Video Gay Evangelicals Argue That Bible Does Not Condemn Homosexuality

More than 30 U.S. states now recognize same-sex marriages, and an increasing number of mainline American churches are blessing them. But evangelical church members- which account for around 30 percent of the U.S. adult population - believe the Bible unequivocally condemns homosexuality. VOA's Jerome Socolovsky reports that gay, lesbian, bisexual and transgender evangelicals are coming out. Backed by a prominent evangelical scholar, they argue that the traditional reading of the bible is wrong.
Video

Video Ebola Economic Toll Stirs W. Africa Food Security Concerns

The World Bank said Wednesday that it expects the economic impact of the Ebola outbreak on the sub-Saharan economy to cost somewhere betweenf $3 billion to $4 billion - well below a previously-outlined worst-case scenario of $32 billion. Some economists, however, paint a gloomier picture - warning that the disruption to regional markets and trading is considerable. Henry Ridgwell reports from London.
Video

Video Mexico Protests Escalate Over Disappearances

Protests in Mexico over 43 students missing since September continue to escalate, reflecting growing anger among Mexicans about a political system they view as corrupt, and increasingly tainted by the drug trade. Mounting outrage over the disappearances is now focused on the government of President Enrique Pena Nieto, accused of not doing enough to end insecurity in the country. More from VOA's Victoria Macchi.
Video

Video US Senate Votes Down Controversial Oil Pipeline - For Now

The U.S. Senate has rejected construction of a controversial pipeline to transport Canadian oil to American refineries. The $5 billion project still could be approved next year, but it faces a possible veto by President Barack Obama. As VOA’s Michael Bowman reports, the pipeline has exposed deep divisions in Congress about America’s energy future.
Video

Video Can Minsk Cease-fire Agreement Hold?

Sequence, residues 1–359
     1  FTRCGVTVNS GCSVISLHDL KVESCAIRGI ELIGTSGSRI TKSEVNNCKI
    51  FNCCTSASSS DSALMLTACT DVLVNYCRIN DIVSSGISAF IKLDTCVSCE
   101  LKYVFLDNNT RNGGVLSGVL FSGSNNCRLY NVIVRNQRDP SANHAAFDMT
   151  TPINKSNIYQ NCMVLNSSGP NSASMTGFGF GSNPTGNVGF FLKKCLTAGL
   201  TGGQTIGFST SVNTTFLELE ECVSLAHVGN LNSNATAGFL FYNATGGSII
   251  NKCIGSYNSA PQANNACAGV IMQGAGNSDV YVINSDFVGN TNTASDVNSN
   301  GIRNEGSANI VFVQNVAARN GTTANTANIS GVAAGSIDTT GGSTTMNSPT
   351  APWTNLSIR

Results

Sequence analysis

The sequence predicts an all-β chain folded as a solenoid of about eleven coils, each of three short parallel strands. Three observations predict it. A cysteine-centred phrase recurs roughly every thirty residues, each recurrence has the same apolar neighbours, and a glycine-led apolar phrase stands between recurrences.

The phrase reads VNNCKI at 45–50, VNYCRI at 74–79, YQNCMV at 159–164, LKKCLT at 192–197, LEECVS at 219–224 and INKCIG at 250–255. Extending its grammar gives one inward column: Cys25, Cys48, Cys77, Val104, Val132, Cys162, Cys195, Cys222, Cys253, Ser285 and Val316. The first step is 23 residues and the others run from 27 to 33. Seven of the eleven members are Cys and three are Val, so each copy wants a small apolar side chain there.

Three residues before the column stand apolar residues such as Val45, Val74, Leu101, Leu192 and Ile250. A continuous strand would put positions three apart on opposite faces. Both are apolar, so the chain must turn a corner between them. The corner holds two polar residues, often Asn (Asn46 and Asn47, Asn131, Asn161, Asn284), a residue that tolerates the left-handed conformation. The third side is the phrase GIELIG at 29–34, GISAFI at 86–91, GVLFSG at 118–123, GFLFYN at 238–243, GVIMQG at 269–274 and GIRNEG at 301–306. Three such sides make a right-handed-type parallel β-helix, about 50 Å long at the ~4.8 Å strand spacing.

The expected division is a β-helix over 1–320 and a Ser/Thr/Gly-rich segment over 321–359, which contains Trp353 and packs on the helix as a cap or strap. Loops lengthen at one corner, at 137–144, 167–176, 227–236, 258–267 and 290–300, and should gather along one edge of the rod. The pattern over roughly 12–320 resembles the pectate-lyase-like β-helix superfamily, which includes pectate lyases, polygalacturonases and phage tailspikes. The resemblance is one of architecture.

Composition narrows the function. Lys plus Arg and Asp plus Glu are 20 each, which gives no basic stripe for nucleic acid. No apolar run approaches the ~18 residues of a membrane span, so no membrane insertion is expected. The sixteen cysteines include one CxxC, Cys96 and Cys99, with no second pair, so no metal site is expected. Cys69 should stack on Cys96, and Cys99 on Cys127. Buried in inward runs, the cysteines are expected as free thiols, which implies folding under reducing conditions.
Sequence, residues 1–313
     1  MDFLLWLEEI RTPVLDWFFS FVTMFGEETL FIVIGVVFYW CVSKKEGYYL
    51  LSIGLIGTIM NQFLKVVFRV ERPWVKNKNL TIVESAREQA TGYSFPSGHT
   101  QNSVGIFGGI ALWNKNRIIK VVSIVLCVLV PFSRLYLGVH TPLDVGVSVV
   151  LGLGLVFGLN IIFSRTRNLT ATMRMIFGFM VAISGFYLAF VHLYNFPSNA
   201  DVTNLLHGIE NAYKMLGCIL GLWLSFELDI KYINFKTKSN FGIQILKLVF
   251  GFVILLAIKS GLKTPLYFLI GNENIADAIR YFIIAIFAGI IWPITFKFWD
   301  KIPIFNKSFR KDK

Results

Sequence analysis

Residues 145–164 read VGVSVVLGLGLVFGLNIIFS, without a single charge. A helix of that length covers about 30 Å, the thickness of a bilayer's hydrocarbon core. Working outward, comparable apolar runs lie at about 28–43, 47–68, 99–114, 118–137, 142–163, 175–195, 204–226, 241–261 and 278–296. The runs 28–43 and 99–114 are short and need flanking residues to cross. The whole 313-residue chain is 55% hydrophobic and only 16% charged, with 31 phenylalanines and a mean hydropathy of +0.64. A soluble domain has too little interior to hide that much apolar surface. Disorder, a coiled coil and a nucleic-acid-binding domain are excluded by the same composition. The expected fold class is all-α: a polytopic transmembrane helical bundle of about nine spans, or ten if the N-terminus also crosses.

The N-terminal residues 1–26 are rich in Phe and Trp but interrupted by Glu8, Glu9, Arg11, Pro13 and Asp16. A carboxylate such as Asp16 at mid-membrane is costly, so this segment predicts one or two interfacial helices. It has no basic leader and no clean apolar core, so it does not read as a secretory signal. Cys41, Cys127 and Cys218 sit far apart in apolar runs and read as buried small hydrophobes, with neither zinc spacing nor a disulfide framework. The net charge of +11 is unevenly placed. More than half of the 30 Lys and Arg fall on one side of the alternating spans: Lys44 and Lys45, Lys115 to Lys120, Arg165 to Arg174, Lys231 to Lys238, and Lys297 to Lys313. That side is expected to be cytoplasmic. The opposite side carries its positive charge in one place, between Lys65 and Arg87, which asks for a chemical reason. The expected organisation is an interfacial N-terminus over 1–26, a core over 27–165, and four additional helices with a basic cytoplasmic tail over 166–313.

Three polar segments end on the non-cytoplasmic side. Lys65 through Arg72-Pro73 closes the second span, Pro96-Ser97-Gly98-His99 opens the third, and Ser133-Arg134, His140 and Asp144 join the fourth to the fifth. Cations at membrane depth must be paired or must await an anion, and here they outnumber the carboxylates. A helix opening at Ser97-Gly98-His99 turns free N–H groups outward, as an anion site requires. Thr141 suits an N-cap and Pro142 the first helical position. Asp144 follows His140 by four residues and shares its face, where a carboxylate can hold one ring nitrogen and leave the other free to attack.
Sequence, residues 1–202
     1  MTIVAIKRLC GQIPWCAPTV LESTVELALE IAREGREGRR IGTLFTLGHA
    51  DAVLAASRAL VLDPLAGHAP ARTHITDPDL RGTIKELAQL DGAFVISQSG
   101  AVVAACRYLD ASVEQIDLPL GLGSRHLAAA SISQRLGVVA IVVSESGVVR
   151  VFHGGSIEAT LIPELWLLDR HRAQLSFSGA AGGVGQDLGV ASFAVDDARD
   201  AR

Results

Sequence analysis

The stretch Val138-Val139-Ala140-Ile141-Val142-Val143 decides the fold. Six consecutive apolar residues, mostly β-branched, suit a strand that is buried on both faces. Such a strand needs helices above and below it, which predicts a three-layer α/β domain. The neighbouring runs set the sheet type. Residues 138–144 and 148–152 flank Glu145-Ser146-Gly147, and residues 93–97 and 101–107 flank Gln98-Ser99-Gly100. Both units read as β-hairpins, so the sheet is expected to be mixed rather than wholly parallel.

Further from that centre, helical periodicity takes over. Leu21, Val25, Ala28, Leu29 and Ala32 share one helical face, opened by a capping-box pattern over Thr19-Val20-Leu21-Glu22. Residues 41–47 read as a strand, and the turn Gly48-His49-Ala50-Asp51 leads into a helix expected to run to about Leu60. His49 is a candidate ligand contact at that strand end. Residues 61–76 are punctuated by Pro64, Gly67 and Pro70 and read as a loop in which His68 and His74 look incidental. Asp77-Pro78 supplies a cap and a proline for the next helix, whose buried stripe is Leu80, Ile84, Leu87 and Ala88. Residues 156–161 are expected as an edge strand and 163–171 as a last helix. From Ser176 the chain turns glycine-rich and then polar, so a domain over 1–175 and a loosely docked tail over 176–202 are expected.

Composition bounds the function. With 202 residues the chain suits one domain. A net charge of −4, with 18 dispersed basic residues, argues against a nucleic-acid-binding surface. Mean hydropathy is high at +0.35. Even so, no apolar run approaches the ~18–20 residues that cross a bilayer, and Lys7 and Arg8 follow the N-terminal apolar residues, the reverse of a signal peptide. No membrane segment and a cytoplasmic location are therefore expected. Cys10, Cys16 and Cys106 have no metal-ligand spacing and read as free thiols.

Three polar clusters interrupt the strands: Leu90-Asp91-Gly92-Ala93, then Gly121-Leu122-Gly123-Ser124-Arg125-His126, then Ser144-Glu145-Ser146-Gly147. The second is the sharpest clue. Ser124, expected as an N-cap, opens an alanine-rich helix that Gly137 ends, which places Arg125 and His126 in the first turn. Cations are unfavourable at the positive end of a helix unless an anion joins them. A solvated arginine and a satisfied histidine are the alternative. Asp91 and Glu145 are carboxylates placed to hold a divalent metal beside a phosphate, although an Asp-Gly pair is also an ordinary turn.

Growing tensions between government troops and separatists in eastern Ukraine further threaten a cease-fire agreement reached two months ago in the Belarusian capital of Minsk. Critics of U.S. policy in Ukraine say it is time the Obama administration gives up on that much-violated cease-fire and moves toward a new deal with Russia. VOA's Scott Stearns has more.
Video

Video Chaos, Abuse Defy Solution in Libya

The political and security crisis in Libya is deepening, with competing governments and, according to Amnesty International, widespread human rights violations committed with impunity. VOA’s Al Pessin reports from London.
Video

Video US Hosts Record 866,000 Foreign Students

Close to 900,000 international students are studying at American universities and colleges, more than ever before. About half of them come from Asia, mostly China. The United States hosts more foreign students than any other country in the world, and its foreign student population is steadily growing. Zlatica Hoke reports.
Video

Video Ferguson Church Grapples with Race Relations

Many white residents of Ferguson, Missouri, say they chose to live there because of the American Midwest community's diversity. So, they were shocked when a white police officer killed an unarmed black teenager in August – and shaken by the resulting protests and violence. Some local churches are leading conversations on how to go forward. VOA’s Ayesha Tanzeem reports.

All About America

AppleAndroid